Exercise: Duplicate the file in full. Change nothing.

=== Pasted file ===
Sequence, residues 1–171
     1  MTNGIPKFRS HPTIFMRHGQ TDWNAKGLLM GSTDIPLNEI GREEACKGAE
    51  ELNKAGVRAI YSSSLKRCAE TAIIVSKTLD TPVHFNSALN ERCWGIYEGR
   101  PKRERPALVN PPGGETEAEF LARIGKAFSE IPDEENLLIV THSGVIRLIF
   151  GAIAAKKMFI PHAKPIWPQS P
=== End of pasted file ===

Sequence, residues 1–171
     1  MTNGIPKFRS HPTIFMRHGQ TDWNAKGLLM GSTDIPLNEI GREEACKGAE
    51  ELNKAGVRAI YSSSLKRCAE TAIIVSKTLD TPVHFNSALN ERCWGIYEGR
   101  PKRERPALVN PPGGETEAEF LARIGKAFSE IPDEENLLIV THSGVIRLIF
   151  GAIAAKKMFI PHAKPIWPQS P